northern "SATOR" sqaures I do not know, for want of further examples). For a completed "SATOR" sqaure and its runic counterpart, please see my Diagram 7. Diagram 7:The "SATOR" Sqaure and Its Runic Equivalent

Aside from its possible use as a talisman against rival sorcerers, the "SATOR" sqaure was also an important key for magical incantations. Flowers mentions that many northern magical books required the magician to recite the "satorarepo" during their operations. Flowers is unsure whether this incantation involved the 'singing' of the runes of the "SATOR" grid themselves, or if the runes where the key to another group of sounds altogether. Personally, I believe that we need look no further than the "SATOR" square itself for the mysterious "sator-arepo" incantation. If this magic sqaure acts like any of the ones that I have had experience with, the process is a simple matter of signing the runes as we sing their sounds, starting with "SATOR", going on to "AREPO", then "TENET", then "OPERA" and finally "ROTAS". To banish the magical energies we will have invoked by doing this, the procedure is merely reversed.

Naturally, this method of invokation is not written in stone as 'the only true way' and I admit the possibility of other approaches. Once again, I invite anyone to comment on this matter who has worked a with a different procedure and has realized a successfull result. The last feature of classical Sigil-magic worth examining is the timing of a spell-casting operation to coincide with the most beneficial planetary days and hours. Practitioners of western cerimonial magic (as the authors of the Galdrabk certainly were) know that timing a magical operation to align with the proper planetary forces adds the extra 'kick' that might make the all the difference between success and failure. While it is possible that medieval northern magicians referred to southern tables of planetary hours and their attributes, it is also quite likely that they timed their rune-magic to follow the northern cycle of the runes and the hours of the day they correspond to. Anyone who has read Nigel Pennick's "PRACTICAL MAGIC IN THE NORTHERN TRADITION" and "RUNIC ASTROLOGY", or Spiesberger's "RUNENMAGIE", will be familiar with the system of 'runichours' of the day immediatly. It is probably safe to say that no spell using the Galdrabk's technology should be undertaken without also ensuring proper timing of the operation. This has certainly been my practice and I recommend the same to anyone else attempting it. For details on various methods for timing the 'carving' of runes in Galdrabk spells, please refer to the various 'Construction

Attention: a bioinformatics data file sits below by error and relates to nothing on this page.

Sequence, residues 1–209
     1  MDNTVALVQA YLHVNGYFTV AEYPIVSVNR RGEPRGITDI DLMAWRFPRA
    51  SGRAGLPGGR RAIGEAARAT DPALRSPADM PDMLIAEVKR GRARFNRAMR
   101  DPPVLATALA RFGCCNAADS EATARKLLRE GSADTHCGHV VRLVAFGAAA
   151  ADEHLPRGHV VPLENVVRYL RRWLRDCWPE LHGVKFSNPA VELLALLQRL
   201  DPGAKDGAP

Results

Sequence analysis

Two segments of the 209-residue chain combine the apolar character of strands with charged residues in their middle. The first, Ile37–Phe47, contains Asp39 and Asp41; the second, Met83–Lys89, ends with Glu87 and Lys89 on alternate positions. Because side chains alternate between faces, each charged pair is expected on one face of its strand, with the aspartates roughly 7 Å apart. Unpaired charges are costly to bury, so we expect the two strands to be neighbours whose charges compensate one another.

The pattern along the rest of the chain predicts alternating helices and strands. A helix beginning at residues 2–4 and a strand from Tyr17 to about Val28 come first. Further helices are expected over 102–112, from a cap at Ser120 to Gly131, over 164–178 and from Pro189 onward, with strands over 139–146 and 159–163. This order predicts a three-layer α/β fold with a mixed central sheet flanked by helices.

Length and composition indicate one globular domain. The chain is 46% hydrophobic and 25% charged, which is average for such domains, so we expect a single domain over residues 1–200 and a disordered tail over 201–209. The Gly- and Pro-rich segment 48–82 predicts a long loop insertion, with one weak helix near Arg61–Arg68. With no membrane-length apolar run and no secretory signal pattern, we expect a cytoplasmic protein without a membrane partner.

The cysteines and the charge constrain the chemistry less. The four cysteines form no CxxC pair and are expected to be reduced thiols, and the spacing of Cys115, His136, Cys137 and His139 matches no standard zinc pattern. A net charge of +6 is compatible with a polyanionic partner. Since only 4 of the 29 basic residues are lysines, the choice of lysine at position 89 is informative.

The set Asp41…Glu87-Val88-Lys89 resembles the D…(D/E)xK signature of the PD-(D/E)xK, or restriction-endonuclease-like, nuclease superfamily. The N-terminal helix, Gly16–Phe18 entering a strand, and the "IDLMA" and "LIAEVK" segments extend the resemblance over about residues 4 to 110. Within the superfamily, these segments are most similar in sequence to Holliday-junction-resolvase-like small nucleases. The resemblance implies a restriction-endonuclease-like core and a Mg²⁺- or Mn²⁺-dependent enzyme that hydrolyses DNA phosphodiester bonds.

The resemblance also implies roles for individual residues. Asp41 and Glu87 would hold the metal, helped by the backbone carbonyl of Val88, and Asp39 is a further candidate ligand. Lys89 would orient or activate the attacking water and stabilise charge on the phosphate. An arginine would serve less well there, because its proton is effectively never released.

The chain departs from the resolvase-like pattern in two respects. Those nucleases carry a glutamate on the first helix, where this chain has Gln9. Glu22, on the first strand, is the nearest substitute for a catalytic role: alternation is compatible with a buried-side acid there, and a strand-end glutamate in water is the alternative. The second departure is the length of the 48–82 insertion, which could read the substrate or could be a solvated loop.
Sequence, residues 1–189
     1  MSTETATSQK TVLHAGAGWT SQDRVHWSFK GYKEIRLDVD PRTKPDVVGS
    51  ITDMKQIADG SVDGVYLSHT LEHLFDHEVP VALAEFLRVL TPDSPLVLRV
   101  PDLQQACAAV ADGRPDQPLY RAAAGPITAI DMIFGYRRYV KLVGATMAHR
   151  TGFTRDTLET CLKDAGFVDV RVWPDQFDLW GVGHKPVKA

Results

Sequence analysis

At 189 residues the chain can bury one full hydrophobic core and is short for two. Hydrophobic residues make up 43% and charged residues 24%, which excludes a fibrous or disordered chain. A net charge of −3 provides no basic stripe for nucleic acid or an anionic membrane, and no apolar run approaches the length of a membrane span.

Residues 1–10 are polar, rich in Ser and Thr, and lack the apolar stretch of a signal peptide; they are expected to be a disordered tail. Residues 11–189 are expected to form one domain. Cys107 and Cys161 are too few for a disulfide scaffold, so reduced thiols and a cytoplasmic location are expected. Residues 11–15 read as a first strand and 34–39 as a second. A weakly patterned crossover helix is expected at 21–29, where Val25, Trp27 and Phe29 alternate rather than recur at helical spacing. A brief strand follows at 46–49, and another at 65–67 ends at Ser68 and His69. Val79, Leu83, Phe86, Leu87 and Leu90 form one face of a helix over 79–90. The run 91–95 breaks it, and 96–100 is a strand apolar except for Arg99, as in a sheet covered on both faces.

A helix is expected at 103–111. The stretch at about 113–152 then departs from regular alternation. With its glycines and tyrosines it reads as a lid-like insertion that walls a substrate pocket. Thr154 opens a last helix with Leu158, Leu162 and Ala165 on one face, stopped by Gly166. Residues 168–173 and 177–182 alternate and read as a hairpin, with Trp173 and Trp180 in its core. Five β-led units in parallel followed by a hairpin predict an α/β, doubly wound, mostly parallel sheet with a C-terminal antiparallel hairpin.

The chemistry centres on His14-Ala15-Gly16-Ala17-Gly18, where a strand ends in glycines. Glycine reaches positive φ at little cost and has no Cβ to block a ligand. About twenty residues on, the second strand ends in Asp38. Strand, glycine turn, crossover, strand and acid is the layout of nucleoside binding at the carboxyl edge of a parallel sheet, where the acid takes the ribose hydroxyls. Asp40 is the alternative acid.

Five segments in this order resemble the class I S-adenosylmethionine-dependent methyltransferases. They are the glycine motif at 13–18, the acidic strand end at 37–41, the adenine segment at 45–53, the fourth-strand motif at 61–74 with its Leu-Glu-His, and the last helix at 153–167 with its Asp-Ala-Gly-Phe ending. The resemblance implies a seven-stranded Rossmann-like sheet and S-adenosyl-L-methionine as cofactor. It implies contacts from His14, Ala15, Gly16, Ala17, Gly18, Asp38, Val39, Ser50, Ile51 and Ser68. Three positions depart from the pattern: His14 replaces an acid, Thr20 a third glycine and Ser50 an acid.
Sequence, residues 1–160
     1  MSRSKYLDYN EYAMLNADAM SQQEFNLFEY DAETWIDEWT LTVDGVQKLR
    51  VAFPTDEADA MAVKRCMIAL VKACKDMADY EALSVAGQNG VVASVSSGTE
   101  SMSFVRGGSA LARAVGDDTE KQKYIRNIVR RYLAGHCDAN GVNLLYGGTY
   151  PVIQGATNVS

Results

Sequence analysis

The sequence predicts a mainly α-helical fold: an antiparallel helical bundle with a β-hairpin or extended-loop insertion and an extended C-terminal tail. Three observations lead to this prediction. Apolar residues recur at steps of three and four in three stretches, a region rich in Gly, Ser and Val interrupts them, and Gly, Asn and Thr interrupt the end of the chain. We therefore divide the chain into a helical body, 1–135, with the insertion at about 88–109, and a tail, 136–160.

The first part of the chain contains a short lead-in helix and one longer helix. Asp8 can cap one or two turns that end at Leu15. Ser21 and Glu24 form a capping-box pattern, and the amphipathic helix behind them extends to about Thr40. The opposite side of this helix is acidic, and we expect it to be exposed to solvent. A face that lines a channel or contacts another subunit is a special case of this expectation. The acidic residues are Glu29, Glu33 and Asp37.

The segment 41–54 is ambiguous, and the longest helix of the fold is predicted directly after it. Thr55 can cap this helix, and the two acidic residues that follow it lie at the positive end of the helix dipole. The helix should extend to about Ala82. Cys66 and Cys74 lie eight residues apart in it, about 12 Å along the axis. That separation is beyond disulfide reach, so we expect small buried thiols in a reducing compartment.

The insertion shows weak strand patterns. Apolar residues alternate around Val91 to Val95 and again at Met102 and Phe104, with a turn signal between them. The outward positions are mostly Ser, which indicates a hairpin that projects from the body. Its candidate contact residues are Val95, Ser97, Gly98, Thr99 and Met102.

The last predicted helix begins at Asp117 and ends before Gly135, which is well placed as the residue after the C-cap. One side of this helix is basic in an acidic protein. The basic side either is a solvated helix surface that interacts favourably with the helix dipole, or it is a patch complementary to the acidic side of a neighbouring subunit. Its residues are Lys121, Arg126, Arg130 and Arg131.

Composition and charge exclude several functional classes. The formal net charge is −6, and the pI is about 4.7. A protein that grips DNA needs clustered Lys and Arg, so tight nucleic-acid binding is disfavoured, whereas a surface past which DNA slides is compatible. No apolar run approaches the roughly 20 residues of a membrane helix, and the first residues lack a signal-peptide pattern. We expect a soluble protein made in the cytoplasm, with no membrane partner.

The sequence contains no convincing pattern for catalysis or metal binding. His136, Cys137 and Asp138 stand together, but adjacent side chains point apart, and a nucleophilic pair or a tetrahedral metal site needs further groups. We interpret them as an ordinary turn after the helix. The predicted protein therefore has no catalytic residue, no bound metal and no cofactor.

Projects' at the end of each design example. zzz With all of this in mind, let's get to work. We will examine several Galdrabk designs with an eye towards understanding their content and creating new versions for our own use. In Part 1, we will address the composition and creation of Terror staves (ttastafur), Dream-staves (Draumstafur). In Part 2, we will explore "Super-binds" and finally in Part 3, the Helm of Awe (gishjlmur).

Terror-staves (ttastafur)

The 'Terror-stave' (so-named by me for a design on page 88 of "THE GALDRABK") and similar designs, are the most basic expression of the pictographic method of Sigil magic (please see my Diagram 8 and pages 91-93 of "THE GALDRABK";Appendices: Related spells in Germanic Magic). Here we see the subject(s) of the spell rendered in a simple form with runic-variants attached to it, or depicted in a more highly modified forms which are still simple enough to convey the idea of the original stick-figure. Diagram 8:Examples of "Terror-Staves"

The first design in my Diagram 8, shows a curved stick-

figure with what is in all probability, a rigid variant of Tyr. The second pair of figures is even simpler and seems to employ the stick forms by themselves without the benefit of any runes. The same may also be true of my third example (although I have the strong suspicion that the 'arms' of this figure employ a rounded version of Gifu and the third 'leg' helps to create a variant of Eihwaz). This particular Sigil is supposed to grant victory over others (when worn in secret under the arm) and that may explain the use of these two runes in its design.


Our work will be divided into four stages: a)Basic Intent (the concept behind our project), b)the Design Stage (composition), c)the 'Carving' stage (the actual magical operation), and d)Application.

a)Basic Intent Borrowing from a spell in the Galdrabk, let's assume that the purpose of our Terror-stave is to win an individual in a business dealing over to our point of view.

b)Design Our 'target' is drawn as a simple stick-figure. Appropriate runes are then added to the figure in a modified form (in this case, rigid variants of Wunjo and Tyr). From this point, we can modify our image into a curved form to

give it less of the feel of a simple drawing and more of the look we would expect in a magical sigil. The final result is a pictographic bind (please see my Diagram 9 for the steps used). Checking our math, the total numerical value of our Terror-stave is 25 (Wunjo=8 and Tyr=17). 25 is divisible by 5, the number of order and time, and a powerful sum when used in magical operations. Naturally, if we had not arrived at an appropriate sum, we would have been forced to add in additional runes until we arrived at it (for the same reasons we would do this in a conventional bind).